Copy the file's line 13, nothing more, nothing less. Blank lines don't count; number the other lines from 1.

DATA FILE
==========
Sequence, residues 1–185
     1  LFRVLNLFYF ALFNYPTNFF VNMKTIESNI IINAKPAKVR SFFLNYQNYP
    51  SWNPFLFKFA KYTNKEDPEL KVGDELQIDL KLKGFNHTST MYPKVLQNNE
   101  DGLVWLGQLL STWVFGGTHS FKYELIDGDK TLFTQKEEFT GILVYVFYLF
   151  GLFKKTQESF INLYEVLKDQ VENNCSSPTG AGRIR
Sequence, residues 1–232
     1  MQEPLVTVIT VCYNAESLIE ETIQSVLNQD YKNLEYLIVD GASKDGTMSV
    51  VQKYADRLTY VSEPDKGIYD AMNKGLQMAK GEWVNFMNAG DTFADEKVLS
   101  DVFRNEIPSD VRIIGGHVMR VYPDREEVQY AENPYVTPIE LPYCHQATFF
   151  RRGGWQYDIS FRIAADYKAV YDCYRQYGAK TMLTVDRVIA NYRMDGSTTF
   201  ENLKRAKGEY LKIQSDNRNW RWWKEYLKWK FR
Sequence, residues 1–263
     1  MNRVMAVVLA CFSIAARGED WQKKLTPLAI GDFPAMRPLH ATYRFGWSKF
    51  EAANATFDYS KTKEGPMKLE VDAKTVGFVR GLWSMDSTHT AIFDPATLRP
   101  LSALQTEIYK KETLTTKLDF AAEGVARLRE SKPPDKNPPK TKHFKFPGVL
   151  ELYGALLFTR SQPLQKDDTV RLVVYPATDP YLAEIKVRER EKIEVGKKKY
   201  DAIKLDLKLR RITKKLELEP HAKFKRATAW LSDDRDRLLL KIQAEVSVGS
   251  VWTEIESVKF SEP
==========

     1  MNRVMAVVLA CFSIAARGED WQKKLTPLAI GDFPAMRPLH ATYRFGWSKF